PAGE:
Quarterbacks are always complex to evaluate and McCarthy, with his lack of substantial throws to evaluate, is even more complex. I think coaches from Kyle Shanahan offenses will like McCarthy more than others because of his ability to throw on the move and drive the ball in the intermediate areas. But there is a ton of projection needed with such a young and low-usage player.

36. Zach Frazier, C, West Virginia

Centers are back! Frazier is everything you want from the leader of your offensive line room. Competitive and tough with a high football IQ, Frazier is all about football and maximizes his limited traits on every snap. Frazier constantly gets himself in the right position and wins with quickness and hand placement, which allows him to create leverage with his blocks. Longer defenders will give him issues at the next level, but Frazier’s high-energy and tenacious style will make for an exhausting day for whoever goes across him on Sundays.

37. Patrick Paul, OT, Houston

Paul is big with incredibly long arms and the light feet of someone 200 pounds lighter, but he is currently more of a bundle of tools than a finished project. Paul can wallop defenders when he has everything working in the right direction, but he is going to need consistent coaching and a plan at the next level to focus his ability and reach his high ceiling. It will be more flashes until his hand placement and footwork can come together and start working in unison. Those willing to invest can come out on the other end with a quality starting left tackle, and who doesn’t want one of those?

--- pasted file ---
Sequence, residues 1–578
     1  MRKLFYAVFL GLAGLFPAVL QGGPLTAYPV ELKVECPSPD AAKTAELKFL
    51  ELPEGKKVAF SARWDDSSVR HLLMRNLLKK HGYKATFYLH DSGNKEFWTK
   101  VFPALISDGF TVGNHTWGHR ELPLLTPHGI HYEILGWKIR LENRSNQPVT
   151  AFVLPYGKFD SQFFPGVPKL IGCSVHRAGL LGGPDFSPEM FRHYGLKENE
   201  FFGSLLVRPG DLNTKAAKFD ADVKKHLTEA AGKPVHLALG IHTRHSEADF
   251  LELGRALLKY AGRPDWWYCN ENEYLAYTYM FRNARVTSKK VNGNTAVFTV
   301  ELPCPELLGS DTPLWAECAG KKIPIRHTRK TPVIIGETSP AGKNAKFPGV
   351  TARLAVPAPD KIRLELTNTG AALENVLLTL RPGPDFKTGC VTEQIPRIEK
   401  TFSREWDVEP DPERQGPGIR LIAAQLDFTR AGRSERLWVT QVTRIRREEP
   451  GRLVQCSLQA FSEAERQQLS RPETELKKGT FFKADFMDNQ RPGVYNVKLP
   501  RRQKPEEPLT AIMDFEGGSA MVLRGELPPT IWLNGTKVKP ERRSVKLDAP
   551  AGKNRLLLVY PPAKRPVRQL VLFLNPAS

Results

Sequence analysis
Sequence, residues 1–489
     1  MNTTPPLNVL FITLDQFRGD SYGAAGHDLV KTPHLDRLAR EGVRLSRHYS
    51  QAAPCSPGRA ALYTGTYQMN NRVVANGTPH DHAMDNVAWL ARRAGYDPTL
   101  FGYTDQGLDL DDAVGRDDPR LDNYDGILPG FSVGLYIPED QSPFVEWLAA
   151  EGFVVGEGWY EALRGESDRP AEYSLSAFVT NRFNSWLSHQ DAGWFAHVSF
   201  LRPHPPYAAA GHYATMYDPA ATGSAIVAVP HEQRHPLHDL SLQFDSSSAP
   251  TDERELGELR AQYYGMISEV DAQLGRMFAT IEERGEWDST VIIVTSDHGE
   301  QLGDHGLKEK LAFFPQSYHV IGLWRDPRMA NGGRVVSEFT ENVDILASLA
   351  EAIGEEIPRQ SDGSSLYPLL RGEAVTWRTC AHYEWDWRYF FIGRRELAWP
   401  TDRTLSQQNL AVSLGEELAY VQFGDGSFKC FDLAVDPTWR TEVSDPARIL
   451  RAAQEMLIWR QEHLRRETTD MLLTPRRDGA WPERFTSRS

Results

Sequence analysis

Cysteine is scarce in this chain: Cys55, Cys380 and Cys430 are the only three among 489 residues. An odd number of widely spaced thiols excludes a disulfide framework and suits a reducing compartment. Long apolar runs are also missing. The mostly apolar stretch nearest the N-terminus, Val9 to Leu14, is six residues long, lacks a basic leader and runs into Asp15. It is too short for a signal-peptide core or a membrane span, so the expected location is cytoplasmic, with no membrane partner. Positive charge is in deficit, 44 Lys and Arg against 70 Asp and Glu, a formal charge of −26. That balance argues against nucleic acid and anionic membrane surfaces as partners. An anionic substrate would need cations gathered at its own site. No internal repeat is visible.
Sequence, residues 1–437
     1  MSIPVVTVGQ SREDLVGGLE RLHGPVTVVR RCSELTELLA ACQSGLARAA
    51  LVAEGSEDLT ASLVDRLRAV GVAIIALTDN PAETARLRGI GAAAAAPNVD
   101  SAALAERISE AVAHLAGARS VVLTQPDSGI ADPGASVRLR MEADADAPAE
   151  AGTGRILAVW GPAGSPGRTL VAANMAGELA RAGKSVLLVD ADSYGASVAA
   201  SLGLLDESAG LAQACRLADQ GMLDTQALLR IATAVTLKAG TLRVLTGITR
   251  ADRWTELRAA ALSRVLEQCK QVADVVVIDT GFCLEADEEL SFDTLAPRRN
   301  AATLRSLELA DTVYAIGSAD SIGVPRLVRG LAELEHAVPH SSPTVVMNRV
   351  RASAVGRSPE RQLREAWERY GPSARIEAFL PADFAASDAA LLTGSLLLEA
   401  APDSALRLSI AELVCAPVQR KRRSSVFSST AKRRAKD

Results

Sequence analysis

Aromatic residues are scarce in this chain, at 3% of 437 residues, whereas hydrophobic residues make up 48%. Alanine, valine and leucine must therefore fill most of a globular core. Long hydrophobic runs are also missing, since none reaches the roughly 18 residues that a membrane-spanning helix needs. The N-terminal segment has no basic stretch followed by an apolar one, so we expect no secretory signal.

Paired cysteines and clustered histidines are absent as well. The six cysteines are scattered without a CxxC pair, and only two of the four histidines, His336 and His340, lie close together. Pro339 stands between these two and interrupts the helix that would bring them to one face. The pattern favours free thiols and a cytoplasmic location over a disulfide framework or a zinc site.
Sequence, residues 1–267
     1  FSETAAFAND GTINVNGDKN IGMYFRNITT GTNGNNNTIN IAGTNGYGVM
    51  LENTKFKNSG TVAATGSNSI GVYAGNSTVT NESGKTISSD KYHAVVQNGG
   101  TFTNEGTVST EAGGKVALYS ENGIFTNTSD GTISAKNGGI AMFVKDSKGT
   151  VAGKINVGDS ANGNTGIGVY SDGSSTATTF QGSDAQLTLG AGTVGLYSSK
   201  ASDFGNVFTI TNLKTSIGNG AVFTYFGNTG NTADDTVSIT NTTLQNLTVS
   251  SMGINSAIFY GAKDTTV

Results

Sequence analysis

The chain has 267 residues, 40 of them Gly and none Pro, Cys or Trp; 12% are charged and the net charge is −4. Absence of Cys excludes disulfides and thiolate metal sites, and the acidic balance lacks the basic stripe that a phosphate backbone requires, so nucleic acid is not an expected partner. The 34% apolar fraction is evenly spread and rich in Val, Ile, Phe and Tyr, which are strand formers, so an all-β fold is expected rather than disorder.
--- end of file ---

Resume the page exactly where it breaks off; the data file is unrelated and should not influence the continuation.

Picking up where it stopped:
38. Ladd McConkey, WR, Georgia

All he does is move the chains. McConkey’s production at Georgia might not jump off the page, but he is a route-running dynamo who is explosive with the ball in his hands and is coming off a strong week of Senior Bowl practices.

McConkey’s size (5-foot-11, 187 pounds) will limit some of his upside on the outside, but his burst, balance and footwork let him win out there more often than you would think. McConkey thrives in man coverage situations and in the slot, where he can pick apart his defender with his ability to bend and vary up his tempo in his route-running. He is another player with too many limitations to be a true No. 1, but McConkey has all the makings of a third-down target monster who can create explosive plays at the underneath and intermediate levels.

39. Chop Robinson, Edge, Penn State

Robinson projects as more of a designated pass rusher-type who makes his living in passing situations, while treating run plays as intermissions until the next time he can get after the quarterback. Robinson is twitchy and explosive, he bursts at the snap of the ball and can quickly drive blockers back, with some auxiliary pass moves to help balance out his pass-rush arsenal. Robinson is neutral-at-best against the run, which limits how high I can put him, but he provides wildly different skills than other edge defenders in the same range. His “pass rush-first, second and third” style reminds me a bit of Yannick Ngakoue.

40. Junior Colson, LB, Michigan

The lone off-ball linebacker to make my top 40! Colson has size and three-down potential against the run and pass that is an extremely hard skill set to find at linebacker these days. Colson is a sound tackler and plays with high awareness before and after the snap. He has adequate athleticism to make plays on the things he diagnoses correctly and recover in the situations he doesn’t. He can play on the line of scrimmage in certain looks and is a solid blitzer. While he is a bit bigger, his all-around skills but lack of outstanding traits reminds me of Nick Bolton.